It is further objected that the Court erred in instructing the jury that it was not safe to convict if the jury could draw from the circumstances any other conclusion than the guilt of the accused; whereas, the Court should have charged that the jury must acquit in such event. This interpretation of the charge seems to be over critical. The charge was substantially and practically to acquit in the event stated. It is impossible to believe that the jury could receive the impression from the charge that they might convict, even though they did not believe the testimony brought the case within the rules of circumstantial evidence.

The remaining exception charges error in refusing the motion for a new trial made on the ground that R.L. Dunovant, one of the jurors in the last trial, was also a juror in the former trial. The affidavit of defendant submitted on the motion was to the effect that defendant previous to and during the last trial did not know that Mr. Dunovant sat on the former trial and that the knowledge did not come to him until after the verdict, and that he would have objected had he known it. It was further stated that when Mr. Dunovant was empanelled on the jury on the last trial he did not remember until after the verdict that he was one of the jurors who convicted the defendant on the former trial. It is contended that the refusal of the motion was in violation of article I., sec. 18, of the Constitution, which provides that in all criminal prosecutions the accused shall enjoy the right of a speedy trial by an impartial jury. This exception cannot be sustained. Section 2946, Civil Code, provides that all objections to jurors must be made before the jury is empanelled or charged with the trial.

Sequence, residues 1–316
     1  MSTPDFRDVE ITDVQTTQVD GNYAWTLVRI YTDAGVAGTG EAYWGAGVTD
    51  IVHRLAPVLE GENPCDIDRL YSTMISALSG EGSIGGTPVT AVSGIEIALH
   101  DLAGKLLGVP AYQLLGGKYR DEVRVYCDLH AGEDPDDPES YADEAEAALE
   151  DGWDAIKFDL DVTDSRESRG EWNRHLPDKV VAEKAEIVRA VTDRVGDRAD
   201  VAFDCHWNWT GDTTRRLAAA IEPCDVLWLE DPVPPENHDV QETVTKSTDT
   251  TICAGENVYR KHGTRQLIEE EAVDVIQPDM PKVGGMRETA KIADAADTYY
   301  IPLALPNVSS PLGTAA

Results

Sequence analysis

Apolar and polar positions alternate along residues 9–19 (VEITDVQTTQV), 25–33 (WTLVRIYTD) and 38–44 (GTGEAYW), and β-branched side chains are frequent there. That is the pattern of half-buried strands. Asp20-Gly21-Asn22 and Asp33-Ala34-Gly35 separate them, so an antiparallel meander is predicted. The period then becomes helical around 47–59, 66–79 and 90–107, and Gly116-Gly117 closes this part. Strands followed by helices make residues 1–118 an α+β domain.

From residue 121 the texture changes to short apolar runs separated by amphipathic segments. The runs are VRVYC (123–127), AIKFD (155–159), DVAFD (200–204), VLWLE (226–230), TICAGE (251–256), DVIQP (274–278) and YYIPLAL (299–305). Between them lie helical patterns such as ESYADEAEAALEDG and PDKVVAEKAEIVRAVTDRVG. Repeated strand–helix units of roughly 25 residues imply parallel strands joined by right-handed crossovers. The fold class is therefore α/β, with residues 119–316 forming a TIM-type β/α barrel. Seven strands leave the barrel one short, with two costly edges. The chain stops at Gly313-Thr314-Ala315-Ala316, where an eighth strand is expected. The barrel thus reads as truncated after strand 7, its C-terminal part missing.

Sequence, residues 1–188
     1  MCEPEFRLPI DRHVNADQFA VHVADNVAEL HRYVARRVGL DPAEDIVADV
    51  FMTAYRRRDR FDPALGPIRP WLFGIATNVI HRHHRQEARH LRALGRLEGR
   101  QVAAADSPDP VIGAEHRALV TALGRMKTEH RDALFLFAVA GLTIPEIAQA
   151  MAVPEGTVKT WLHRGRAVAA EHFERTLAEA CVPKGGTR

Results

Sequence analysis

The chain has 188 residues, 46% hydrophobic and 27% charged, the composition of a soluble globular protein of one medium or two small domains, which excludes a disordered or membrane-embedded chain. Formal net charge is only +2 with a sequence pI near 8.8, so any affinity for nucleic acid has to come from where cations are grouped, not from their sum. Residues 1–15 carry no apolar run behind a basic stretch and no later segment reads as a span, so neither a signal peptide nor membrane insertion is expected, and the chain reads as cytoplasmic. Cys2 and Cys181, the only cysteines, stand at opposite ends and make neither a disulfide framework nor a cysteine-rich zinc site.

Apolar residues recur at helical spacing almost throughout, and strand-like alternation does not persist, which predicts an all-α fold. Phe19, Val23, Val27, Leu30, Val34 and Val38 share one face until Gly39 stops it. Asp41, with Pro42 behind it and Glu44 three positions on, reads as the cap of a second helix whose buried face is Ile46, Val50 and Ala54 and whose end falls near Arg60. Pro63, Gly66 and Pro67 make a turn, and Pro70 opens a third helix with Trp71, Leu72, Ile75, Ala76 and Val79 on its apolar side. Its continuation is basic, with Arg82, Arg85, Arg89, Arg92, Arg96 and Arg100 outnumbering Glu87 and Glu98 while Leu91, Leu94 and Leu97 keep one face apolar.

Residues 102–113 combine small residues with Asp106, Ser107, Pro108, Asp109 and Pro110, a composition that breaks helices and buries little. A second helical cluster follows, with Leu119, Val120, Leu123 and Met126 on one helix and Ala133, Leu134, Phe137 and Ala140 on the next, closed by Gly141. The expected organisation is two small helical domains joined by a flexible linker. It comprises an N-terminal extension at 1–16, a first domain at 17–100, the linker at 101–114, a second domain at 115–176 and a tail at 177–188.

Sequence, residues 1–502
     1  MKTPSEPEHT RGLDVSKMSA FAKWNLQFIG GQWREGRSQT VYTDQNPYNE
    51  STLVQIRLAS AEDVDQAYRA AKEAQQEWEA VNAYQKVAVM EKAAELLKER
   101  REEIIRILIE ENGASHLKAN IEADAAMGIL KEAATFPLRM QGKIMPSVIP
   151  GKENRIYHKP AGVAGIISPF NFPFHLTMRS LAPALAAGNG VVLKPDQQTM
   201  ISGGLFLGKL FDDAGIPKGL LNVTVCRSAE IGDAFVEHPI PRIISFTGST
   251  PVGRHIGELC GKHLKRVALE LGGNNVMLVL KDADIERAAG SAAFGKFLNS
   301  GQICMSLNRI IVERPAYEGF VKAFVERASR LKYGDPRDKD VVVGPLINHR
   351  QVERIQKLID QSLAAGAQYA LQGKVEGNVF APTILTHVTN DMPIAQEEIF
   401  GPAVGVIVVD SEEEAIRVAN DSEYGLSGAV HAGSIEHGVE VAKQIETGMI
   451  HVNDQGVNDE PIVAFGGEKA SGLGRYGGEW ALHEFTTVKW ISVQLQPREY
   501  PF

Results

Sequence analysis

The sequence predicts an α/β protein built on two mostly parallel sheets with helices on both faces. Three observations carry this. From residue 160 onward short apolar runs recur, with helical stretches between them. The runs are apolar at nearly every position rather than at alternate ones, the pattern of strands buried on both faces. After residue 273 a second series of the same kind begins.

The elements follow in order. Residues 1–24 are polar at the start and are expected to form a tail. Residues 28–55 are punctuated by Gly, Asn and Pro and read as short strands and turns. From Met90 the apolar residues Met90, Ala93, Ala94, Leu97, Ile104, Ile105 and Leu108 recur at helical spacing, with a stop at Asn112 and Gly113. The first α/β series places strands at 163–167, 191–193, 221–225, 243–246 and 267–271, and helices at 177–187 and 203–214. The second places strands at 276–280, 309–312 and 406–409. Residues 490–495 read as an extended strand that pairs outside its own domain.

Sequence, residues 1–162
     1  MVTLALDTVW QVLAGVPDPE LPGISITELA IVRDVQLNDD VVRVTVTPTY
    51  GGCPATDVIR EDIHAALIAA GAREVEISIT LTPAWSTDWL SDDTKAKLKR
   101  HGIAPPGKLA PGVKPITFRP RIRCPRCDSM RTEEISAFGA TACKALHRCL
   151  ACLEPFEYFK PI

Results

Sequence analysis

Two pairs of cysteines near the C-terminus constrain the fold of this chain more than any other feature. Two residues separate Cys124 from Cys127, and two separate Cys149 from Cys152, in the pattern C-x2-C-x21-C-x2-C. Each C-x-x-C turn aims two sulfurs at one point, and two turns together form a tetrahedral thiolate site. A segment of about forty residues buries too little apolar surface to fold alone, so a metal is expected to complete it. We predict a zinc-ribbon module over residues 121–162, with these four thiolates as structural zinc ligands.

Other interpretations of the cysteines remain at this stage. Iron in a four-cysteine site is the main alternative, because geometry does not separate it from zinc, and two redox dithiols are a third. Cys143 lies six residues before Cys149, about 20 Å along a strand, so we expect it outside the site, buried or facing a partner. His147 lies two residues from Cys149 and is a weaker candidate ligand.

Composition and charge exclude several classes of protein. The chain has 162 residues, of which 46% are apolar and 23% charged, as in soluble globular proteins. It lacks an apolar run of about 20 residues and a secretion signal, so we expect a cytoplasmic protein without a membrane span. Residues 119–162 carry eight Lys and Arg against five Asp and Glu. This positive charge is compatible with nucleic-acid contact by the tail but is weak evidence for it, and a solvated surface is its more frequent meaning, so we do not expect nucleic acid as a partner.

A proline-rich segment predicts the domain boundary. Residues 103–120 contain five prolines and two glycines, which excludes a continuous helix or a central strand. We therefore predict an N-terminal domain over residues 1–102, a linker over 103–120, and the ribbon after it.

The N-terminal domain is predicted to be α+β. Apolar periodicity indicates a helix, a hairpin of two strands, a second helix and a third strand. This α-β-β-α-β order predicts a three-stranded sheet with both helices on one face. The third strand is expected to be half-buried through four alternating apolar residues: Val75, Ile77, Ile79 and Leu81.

It is true that in the case of Garrett v. Weinberg, 54 S.C. 127, 35 S.E., 390, this Court held that a new trial should be granted if a disqualified juror sat on the case, if neither the party nor his counsel knew of the disqualification until after the verdict; but in the subsequent cases of State v. Robertson, 54 S.C. 152, 31 S.E., 868, and Mew v. Railway Co., 55 S.C. 95, 32 S.E., 828, the Court states the rule that where the disqualification relied on might have been discovered by the exercise of ordinary care, it affords no excuse for failing to make the objection in due season, since a party should not be permitted to take advantage of his own negligence. In State v. Robertson, supra, the Court sustained a refusal of the motion for a new trial based upon the ground that one of the jurors who last tried the defendant therein sat upon the jury in the same case at the preceding term which resulted in a mistrial; and in the case of Mew v. Railway, supra, this Court refused to suspend appeal to allow motion for a new trial on Circuit on the ground that one of the jurors was not a qualified elector for want of registration and, therefore, not a legal juror.

In the present case, the fact that a juror sat on the former trial and so had formed and expressed an opinion as to defendant's guilt, was a fact of which defendant and his counsel, of course, once had full knowledge; and conceding that they had forgotten the fact on the last trial, it was one spread upon the record of the trial of the case and falls within the rule stated in the Robertson case and in the Mew case. This is so conclusive that it is unnecessary to mention the fact that the juror Dunovant had also forgotten that he had served upon the former jury until after the verdict and so could not have been influenced by such fact.

The judgment of the Circuit Court is affirmed.

Summaries of

State v. Langford

Supreme Court of South Carolina
Jun 30, 1906
74 S.C. 460 (S.C. 1906)
Case details for

State v. Langford

Case Details

Full title:STATE v. LANGFORD

Court:Supreme Court of South Carolina

Date published: Jun 30, 1906


74 S.C. 460 (S.C. 1906)
55 S.E. 120